In my article on last year’s Juneteenth celebration in Aurora, which explains the holiday in more detail, I also spent some time looking at the famous Johnson brothers’ song “Lift Every Voice and Sing,” known as the Black National Anthem, and the video below does begin with a few words from it. It may be possible for some people, mostly white, to embrace just the good-timey Juneteenth celebration, but most Blacks—a growing number of them—can’t help but embrace the entire heritage: walking the way that has been watered with tears, with the blood of the slaughtered, with hopes that have died unborn. This way continues to be walked every day still by Blacks and other people of color.  It would do well for everyone to embrace these realities, too.  As is always the case, these sorrowful realities make joy more vibrant, alive…and real. These sorrowful realities, once faced, makes possible the deep, true development of all our humanities, and this, in turn, makes meaningful community and oneness possible.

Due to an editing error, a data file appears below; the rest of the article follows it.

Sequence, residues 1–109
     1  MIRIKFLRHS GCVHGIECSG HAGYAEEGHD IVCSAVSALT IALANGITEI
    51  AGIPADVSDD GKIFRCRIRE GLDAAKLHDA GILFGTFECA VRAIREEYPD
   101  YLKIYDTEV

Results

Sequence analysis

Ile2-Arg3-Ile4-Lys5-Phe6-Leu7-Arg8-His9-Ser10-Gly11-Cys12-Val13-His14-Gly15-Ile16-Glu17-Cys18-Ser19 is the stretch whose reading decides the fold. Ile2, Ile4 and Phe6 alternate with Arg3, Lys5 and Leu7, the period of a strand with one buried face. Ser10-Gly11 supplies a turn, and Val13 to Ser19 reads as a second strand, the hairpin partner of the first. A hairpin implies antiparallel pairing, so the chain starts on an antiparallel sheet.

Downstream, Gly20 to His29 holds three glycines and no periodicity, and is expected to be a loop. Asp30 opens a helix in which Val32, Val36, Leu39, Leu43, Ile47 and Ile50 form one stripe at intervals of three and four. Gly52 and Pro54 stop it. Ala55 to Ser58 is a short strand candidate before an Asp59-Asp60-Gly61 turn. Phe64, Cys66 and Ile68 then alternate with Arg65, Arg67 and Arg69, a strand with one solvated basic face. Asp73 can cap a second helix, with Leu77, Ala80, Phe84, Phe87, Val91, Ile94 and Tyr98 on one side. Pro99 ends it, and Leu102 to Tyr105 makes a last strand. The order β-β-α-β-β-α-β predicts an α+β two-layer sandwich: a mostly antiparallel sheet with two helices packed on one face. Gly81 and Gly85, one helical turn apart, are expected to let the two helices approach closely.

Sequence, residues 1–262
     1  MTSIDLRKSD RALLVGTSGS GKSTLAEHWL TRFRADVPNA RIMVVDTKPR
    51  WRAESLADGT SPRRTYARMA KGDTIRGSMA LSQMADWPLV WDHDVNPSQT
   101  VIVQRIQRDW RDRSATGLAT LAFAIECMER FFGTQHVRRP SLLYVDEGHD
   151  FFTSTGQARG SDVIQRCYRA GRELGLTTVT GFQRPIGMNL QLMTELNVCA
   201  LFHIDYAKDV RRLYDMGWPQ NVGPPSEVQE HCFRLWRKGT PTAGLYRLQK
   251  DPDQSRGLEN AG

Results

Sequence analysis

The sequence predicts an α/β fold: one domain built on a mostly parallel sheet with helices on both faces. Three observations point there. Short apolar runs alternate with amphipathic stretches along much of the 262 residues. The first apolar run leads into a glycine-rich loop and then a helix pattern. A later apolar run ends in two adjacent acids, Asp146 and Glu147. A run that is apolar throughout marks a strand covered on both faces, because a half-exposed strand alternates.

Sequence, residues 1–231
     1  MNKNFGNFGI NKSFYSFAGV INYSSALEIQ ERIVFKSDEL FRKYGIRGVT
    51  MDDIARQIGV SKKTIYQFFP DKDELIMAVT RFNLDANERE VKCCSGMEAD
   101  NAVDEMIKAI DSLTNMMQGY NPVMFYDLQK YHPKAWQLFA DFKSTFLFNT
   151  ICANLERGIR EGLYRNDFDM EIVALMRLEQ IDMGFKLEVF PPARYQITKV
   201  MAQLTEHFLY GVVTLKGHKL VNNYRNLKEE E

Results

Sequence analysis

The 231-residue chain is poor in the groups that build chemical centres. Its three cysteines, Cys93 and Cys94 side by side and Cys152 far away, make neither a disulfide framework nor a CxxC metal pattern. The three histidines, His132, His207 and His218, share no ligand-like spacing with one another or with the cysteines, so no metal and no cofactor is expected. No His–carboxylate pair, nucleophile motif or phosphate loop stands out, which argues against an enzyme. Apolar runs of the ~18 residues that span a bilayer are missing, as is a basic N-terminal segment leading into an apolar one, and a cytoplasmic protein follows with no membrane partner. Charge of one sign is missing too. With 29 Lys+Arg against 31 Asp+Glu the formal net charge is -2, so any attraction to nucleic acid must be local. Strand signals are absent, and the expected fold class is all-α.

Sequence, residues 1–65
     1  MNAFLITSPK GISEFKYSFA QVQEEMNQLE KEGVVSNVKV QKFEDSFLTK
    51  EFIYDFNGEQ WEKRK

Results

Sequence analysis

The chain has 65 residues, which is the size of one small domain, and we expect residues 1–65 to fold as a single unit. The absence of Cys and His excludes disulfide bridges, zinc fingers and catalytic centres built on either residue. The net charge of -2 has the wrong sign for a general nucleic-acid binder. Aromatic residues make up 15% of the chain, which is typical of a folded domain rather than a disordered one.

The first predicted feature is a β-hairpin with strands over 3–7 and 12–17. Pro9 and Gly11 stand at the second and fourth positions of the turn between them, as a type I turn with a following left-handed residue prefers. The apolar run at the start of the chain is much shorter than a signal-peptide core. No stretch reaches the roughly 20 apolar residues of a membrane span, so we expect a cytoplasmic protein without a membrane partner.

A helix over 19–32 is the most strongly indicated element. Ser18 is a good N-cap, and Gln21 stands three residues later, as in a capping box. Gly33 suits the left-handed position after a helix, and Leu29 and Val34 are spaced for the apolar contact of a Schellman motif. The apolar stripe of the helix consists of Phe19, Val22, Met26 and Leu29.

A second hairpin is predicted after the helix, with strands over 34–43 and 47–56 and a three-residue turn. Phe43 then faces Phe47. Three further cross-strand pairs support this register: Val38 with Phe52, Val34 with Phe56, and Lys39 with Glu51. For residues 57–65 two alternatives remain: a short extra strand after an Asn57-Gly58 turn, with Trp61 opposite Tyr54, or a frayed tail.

I’m also writing this just as we’re beginning, after a Summer hiatus, to do our Becoming the Beloved Community (BBC) anti-racism workshops again. I hope you enjoy the video below, but it is fairly shallow.  For deeper videos look at some of the videos listed at the BBC link just above. Without embracing all of the heritage, we’re left with just fairly shallow good times.  These days we do need even those kinds of good times, yes, but we should be hungering for much more.

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Basie, KC, and Swing